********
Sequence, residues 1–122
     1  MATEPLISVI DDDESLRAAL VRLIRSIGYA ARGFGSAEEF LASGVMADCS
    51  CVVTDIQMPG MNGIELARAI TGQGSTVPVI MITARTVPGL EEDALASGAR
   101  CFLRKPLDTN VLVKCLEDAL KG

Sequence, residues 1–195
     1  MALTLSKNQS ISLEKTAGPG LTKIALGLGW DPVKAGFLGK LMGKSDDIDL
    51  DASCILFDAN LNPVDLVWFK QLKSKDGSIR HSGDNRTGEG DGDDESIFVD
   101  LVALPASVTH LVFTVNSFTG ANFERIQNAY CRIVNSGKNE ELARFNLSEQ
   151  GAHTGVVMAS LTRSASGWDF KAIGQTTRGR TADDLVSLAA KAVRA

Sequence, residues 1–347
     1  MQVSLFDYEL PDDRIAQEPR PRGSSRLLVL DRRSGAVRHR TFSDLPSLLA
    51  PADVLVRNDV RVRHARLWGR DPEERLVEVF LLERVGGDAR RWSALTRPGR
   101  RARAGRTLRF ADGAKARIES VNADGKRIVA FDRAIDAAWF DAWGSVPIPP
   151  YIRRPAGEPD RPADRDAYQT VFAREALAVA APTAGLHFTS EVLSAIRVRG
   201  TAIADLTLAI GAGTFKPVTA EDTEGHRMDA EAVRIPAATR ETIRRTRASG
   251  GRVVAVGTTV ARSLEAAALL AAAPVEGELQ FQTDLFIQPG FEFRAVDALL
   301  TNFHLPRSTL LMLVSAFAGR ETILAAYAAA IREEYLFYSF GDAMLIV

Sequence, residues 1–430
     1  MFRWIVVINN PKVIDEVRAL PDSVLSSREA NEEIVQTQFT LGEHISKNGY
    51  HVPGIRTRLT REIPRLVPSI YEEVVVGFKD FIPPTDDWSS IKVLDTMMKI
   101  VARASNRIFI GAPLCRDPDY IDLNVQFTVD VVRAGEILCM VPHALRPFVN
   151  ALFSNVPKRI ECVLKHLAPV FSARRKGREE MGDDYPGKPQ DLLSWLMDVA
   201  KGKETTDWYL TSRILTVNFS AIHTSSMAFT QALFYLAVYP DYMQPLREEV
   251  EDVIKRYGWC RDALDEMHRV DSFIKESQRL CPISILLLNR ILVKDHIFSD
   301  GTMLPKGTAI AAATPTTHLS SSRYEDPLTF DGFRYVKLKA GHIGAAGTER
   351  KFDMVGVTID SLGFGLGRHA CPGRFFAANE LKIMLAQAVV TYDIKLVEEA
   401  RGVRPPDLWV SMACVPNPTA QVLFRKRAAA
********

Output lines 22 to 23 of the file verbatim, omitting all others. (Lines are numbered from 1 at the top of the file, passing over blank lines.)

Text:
   151  ALFSNVPKRI ECVLKHLAPV FSARRKGREE MGDDYPGKPQ DLLSWLMDVA
   201  KGKETTDWYL TSRILTVNFS AIHTSSMAFT QALFYLAVYP DYMQPLREEV